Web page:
Wildfire activity has increased worldwide during recent decades, partially related to extended droughts, and is expected to continue to increase as the result of climate change.
Another major driver of fire activity is variability in meteorological and climate conditions. Climate variability arises primarily from changes in atmospheric circulation in connection with planetary modes such as El Niño and the Antarctic Oscillation.
The study of fire drivers is key to understanding the relationships between different natural and social processes and their interactions. Social drivers include human-caused ignition, fire suppression policy and capacity, land use change and landscape configuration that determines flammability, and fuel load and continuity. Fire has important impacts on landscape and ecosystem structure and functioning, on hydrological and biogeochemical cycles, as well producing emissions.
The increase in fire occurrence in central and southern Chile is demonstrated by the 600.000 ha affected by forest fires during the summer of 2016-2017. These fires affected nine times the mean annual area affected by fire over the 1985-2015 period. This case study can be taken as a research model where key drivers are set to their extremes (i.e. prolonged drought, extremely high temperatures and water deficits, flammable landscape dominated by plantations, fuel load and continuity).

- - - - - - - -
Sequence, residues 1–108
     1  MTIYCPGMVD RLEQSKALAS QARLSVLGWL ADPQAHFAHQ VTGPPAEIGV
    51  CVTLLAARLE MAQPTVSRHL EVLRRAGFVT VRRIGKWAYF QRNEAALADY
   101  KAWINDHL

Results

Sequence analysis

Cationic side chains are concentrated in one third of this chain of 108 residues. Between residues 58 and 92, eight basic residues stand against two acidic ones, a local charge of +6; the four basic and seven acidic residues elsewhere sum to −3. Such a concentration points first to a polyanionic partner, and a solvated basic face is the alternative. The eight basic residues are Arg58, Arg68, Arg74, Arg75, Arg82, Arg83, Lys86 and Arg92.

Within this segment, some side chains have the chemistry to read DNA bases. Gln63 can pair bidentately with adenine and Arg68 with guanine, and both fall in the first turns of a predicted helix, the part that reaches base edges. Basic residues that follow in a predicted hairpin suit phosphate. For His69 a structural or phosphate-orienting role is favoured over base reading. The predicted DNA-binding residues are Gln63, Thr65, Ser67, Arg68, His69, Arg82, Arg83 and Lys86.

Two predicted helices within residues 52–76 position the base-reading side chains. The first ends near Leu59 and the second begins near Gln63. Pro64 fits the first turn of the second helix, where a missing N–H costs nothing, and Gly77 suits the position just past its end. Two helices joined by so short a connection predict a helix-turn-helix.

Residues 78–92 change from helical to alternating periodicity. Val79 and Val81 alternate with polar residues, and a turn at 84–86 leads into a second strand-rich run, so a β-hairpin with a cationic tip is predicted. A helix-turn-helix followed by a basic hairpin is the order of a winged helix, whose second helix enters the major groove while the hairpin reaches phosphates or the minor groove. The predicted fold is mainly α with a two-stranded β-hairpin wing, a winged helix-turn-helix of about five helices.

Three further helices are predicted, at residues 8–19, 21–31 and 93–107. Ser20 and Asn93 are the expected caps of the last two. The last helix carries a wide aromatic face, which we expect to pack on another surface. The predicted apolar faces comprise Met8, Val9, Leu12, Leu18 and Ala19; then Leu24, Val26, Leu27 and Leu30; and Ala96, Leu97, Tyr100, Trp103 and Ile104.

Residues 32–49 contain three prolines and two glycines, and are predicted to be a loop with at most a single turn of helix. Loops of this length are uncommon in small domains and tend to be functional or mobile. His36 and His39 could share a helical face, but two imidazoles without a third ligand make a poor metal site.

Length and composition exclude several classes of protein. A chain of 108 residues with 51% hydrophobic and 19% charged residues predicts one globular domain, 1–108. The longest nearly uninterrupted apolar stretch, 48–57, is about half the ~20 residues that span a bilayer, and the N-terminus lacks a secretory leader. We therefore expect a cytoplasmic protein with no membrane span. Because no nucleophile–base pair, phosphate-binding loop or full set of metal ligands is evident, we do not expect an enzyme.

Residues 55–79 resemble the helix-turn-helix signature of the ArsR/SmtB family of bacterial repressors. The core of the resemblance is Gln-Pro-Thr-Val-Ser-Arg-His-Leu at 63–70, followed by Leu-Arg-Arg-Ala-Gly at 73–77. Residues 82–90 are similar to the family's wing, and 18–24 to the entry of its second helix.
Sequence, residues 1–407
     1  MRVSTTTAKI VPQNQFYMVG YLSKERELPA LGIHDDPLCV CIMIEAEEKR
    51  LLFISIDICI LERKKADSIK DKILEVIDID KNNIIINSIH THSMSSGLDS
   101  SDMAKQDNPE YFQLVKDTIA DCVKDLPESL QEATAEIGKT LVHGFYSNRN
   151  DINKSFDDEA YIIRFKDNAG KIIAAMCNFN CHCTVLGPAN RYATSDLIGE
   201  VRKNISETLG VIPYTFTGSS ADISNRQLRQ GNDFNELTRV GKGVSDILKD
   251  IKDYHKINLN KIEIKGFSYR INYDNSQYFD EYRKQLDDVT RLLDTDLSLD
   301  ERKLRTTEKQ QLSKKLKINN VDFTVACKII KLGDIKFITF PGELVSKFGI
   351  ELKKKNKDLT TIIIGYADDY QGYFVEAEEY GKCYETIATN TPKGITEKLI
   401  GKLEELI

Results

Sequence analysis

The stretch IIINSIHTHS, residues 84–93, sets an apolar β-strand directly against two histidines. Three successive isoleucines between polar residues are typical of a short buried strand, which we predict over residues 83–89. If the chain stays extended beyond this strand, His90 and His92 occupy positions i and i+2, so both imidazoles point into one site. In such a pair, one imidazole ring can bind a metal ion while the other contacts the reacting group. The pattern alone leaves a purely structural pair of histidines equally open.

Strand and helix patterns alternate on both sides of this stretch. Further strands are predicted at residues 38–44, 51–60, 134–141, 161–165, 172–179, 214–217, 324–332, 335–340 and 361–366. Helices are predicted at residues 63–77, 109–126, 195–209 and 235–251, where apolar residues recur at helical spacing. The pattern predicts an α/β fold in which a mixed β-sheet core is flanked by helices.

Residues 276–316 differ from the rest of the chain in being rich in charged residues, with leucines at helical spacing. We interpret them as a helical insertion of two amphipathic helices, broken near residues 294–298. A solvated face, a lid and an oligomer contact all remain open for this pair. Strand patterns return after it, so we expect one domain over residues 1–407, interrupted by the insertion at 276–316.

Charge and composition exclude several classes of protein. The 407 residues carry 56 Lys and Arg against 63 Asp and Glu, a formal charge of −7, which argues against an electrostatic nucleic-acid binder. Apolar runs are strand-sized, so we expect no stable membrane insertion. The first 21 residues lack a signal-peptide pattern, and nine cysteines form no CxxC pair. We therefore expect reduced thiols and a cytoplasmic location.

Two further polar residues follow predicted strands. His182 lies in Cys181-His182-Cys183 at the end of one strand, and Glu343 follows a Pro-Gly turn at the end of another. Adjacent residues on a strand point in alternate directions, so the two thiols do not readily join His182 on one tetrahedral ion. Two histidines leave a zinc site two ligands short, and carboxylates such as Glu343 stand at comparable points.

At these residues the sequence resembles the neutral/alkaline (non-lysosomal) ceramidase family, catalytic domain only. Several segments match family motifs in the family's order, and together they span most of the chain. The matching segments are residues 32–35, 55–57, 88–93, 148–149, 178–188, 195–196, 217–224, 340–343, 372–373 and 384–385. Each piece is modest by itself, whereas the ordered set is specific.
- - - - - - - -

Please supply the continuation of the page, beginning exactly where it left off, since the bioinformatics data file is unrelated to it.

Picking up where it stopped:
Report to the Nations
The Report to the Nations “Forest fires in Chile: Causes, impacts and resilience” provides an account of recent changes in the fire regime in Chile and the main factors that explain the occurrence and magnitude of forest fires. It also addresses the impacts and consequences of the fires, as well as the community’s resilience and ability to adapt to extreme events, along with institutional responses and challenges in terms of prevention and mitigation policies.